1.  Known effectiveness of Cranial Electrotherapy Stimulation (CES) in mental health.1
    1. Anxiety:  38 clinical studies of anxiety, 21 of which were double blind, showed a mean improvement of 58%, with a range of from 38% to 94% improvement.
    2. Depression:  18 clinical studies of depression, 7 of which were double blind, showed a mean improvement of 47%, with a range of from 25% to 80% improvement.
    3. Insomnia: 19 clinical studies of insomnia, 7 of which were double blind showed a mean improvement of 62%, with a range of from 37% to 93% improvement.
    4. Cognitive Dysfunction: 13 studies of cognitive dysfunction of various kinds, 54% of which were single or double blind, showed a mean improvement of 44%, with a range of from 23% to 86% improvement.
Note: These patients were treated with CES for 45 to 60 minutes a day for 10 to 14 days.  They continued to improve for the next 6 weeks once treatment had been discontinued.  All of this treatment was medication free, though CES can be used in the presence of medication, and appears to potentiate medication.
  1. Theoretical impact of CES in PTSD treatment.
    1. PTSD is caused by traumatic memories coming to the fore unbidden, which disrupt the person’s personality and behavior while active.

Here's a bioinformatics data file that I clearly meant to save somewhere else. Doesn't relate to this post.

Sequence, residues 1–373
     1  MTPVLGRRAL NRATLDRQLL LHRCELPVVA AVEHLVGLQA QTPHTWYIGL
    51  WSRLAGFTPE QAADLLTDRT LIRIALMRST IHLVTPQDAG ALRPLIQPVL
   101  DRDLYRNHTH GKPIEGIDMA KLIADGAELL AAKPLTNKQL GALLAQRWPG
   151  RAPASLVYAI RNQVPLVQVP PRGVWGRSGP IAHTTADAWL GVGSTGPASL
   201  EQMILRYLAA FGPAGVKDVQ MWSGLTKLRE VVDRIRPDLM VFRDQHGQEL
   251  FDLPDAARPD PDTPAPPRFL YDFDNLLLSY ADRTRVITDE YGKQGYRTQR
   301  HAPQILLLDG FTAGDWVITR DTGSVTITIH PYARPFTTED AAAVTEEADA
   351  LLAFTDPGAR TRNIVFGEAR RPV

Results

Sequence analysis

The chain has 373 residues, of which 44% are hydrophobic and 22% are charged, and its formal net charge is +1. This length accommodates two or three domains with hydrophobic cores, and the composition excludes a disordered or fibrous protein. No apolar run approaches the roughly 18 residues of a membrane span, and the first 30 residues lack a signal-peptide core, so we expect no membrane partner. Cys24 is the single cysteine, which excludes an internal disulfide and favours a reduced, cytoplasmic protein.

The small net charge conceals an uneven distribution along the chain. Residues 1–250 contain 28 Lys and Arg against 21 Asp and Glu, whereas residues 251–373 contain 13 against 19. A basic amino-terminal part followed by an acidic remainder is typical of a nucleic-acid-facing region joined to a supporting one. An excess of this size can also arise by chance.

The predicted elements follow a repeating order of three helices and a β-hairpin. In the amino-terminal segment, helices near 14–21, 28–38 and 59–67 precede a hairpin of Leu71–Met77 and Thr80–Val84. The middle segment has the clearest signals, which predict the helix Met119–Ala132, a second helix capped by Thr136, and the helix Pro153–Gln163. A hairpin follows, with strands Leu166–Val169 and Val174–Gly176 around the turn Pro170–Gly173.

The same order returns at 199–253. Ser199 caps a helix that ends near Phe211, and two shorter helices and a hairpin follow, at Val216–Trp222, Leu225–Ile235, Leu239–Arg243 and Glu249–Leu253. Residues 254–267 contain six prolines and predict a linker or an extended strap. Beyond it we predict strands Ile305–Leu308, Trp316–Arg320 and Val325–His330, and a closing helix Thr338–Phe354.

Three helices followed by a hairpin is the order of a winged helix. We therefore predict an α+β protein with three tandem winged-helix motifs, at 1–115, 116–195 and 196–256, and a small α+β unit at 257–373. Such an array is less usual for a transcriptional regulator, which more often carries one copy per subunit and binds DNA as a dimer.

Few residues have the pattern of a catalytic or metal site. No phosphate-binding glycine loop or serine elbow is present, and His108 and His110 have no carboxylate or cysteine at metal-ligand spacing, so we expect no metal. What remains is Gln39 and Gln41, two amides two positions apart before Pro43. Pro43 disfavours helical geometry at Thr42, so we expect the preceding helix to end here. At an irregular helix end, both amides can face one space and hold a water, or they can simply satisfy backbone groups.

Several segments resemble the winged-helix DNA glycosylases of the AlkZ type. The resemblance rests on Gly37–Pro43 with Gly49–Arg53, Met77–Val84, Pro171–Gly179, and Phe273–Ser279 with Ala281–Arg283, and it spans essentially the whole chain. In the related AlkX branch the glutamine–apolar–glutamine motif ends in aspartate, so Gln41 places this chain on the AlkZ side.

2. Eliciting the traumatic memory(s) during therapy is necessary but can be a difficult and long drawn out process because the memory can trigger the PTSD response and defeat therapy.
    3. CES can prevent the emotional response to traumatic memory while the current is on.2
    4. Recalled memories can be deleted from the brain within 3 to 10 minutes from the time they are called up, and other memories inserted if the patient remains calm and does not go into the PTSD response, thus ending the PTSD.3
Note:  Perhaps the greatest problem of PTSD therapists is the amount of time required to enable the patient to recall the traumatic experience in therapy without triggering a full blown anxiety response.  That could be prevented if CES were worn by the patient while the traumatic event was recalled.  At that point the memory could be removed from the memory stores and/or replaced by a less traumatic version of the memory. References:
  1. Smith, Ray B. (2007) Cranial electrotherapy stimulation; Its first fifty years, plus three: A monograph. Tate: Mustang, OK.
  2. Smith, R.B., and F.N. Shiromoto (1992) The use of cranial electrotherapy stimulation to block fear perception in phobic patients. Current Therapeutic Research, 51(2):249-253.
  3. Shiller, D. Marie-H. Monfils, Candace M. Raio, David C. Johnson, Joseph E. LeDoux, Elizabeth A Phelps (2009) Preventing the return of fear in humans using reconsolidation update mechanisms. Nature, published online 9 December, 2009.